- Friendly, welcoming classroom atmosphere
A rigorous process
Lampert’s description of the art program pedagogy also may be familiar to art teachers interested in developing students’ critical thinking:
- Students see images of artists’ work relating to a well-defined problem;
- Students talk about what they see and explain their interpretations of the work;
- Students generate ideas for their own art in context of the discussion;
- Students make art based on their ideas; and
- Students present their artwork and discuss it with classmates.
Lampert suggests that by empowering students to think for themselves, art programming with these components and processes may result in measurable growth in critical thinking skills. She anticipates that more empirical studies like hers are needed in order to demonstrate a generalizable effect. The implication of such research may be that similar art programming can be used as a way to teach critical thinking in school.
What Lampert reports in her article about “inquiry-based” art education looks a lot like what was described as “serious art education” by Lois Hetland of Harvard’s Project Zero in the first edition (2007) of Studio Thinking: The Real Benefits of Art Education. It is also recognizable in the 2015 National Core Art Standards and associated Model Cornerstones Assessments. Both of these resources have had a significant impact on art education in the United States, codifying high expectations for critical thinking in art class.
The intersection of art education and gifted education
For gifted students, this type of art education may be another, much needed opportunity to flex their reflective, evaluative, and creative thinking skills, either in general education or in separate gifted programming. Visual art education also may help gifted students to maintain throughout their growth a connection with the sensory world perceived directly, unmediated by verbal or quantitative symbol systems. More common in art than in gifted programming, metaperception parallels metacognition (Haroutounian, 2017). Gifted students who are comfortable following set paths and discovering a predetermined correct answer may initially feel discomfort, as may those for whom words and numbers have become a comfortable insulator against the ambiguity and relativity of aesthetics and sensory perception. Nonetheless, both ways of stretching will help them grow into flexible, impactful leaders. Signs seem to indicate the paths of art education and gifted education are beginning to intersect.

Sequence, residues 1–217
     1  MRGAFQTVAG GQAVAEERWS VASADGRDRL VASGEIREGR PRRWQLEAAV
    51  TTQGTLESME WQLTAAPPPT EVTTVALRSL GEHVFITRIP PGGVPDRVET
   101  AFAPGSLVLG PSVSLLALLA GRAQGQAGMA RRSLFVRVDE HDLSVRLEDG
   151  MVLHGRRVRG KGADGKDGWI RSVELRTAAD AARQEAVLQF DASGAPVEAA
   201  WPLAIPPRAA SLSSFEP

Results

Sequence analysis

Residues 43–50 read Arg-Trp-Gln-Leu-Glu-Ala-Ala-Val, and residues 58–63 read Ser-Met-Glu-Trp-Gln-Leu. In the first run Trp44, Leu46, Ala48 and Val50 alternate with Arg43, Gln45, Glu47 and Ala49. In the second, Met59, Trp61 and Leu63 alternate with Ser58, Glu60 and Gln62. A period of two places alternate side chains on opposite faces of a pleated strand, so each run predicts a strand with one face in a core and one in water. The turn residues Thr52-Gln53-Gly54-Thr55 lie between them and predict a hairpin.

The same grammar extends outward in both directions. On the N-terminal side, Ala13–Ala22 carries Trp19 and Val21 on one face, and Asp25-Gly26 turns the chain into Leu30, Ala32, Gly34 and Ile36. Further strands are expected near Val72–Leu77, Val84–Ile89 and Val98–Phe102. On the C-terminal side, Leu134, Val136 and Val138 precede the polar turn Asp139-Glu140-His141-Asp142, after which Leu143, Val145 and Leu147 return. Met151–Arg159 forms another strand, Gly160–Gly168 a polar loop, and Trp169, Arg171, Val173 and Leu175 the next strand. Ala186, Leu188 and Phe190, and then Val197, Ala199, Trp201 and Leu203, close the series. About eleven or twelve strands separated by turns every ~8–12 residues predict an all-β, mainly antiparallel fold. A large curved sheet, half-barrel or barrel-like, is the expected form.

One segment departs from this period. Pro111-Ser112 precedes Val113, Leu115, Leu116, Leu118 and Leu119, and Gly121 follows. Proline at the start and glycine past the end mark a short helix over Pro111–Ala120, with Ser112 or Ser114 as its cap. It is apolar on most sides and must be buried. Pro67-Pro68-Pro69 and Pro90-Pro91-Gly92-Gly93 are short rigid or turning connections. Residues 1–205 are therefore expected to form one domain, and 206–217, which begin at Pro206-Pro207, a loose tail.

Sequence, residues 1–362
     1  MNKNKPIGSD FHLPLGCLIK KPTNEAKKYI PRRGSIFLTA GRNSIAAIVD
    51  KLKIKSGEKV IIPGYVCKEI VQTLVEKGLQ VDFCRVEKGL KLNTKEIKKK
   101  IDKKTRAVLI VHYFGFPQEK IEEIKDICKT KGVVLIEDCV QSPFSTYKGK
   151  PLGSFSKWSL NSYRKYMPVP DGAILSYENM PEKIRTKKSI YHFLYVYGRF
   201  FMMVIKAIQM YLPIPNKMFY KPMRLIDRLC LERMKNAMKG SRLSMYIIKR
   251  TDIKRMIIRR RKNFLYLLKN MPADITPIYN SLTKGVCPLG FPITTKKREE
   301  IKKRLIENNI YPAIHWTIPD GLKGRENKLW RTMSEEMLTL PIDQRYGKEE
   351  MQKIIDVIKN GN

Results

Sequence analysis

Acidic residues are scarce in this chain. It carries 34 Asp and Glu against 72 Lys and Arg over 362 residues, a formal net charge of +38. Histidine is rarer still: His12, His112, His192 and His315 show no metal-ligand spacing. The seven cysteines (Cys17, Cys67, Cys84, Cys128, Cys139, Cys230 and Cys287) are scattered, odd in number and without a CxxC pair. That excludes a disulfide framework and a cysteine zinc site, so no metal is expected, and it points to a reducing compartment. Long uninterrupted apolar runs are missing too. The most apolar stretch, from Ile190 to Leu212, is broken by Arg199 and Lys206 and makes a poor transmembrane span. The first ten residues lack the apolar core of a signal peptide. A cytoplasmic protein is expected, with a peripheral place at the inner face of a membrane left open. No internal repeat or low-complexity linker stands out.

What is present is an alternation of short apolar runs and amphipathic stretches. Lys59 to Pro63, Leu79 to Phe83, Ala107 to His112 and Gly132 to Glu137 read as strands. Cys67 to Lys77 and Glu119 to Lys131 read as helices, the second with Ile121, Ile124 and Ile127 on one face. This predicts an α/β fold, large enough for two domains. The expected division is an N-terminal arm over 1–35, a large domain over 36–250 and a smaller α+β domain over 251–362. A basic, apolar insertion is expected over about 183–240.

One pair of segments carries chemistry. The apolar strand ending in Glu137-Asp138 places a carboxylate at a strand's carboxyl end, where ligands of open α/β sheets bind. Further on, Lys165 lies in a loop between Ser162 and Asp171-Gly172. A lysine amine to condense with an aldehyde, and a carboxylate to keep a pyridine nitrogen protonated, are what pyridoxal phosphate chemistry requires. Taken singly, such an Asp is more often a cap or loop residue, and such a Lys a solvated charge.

Ennis, R.H. (1987). A taxonomy of critical thinking dispositions and abilities. In J.B. Baron & R.J. Sternberg (Eds.), Teaching thinking skills: Theory and practice (pp. 9-26). New York: W.H. Freeman.
Haroutounian, J. (2017). Artistic ways of knowing in gifted education: Encouraging every student to think like an artist. Roeper Review, 39(1).
Hetland, L. (2007). Studio thinking : The real benefits of visual arts education. New York: Teachers College Press.
Lampert, N. (2011). A study of an after-school art programme and critical thinking. International Journal of Education through Art, 7(1), 55-67.
National Coalition for Core Arts Standards (2015) National Core Arts Standards. Rights Administered by the State Education Agency Directors of Arts Education. Dover, DE, www.nationalartsstandards.org all rights reserved.